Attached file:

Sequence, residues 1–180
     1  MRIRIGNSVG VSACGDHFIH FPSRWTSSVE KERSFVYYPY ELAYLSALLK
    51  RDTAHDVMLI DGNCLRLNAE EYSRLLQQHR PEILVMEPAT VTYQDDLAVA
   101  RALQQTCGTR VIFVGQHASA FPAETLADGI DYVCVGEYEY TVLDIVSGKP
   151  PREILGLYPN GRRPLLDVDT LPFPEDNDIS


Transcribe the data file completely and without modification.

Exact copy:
Sequence, residues 1–180
     1  MRIRIGNSVG VSACGDHFIH FPSRWTSSVE KERSFVYYPY ELAYLSALLK
    51  RDTAHDVMLI DGNCLRLNAE EYSRLLQQHR PEILVMEPAT VTYQDDLAVA
   101  RALQQTCGTR VIFVGQHASA FPAETLADGI DYVCVGEYEY TVLDIVSGKP
   151  PREILGLYPN GRRPLLDVDT LPFPEDNDIS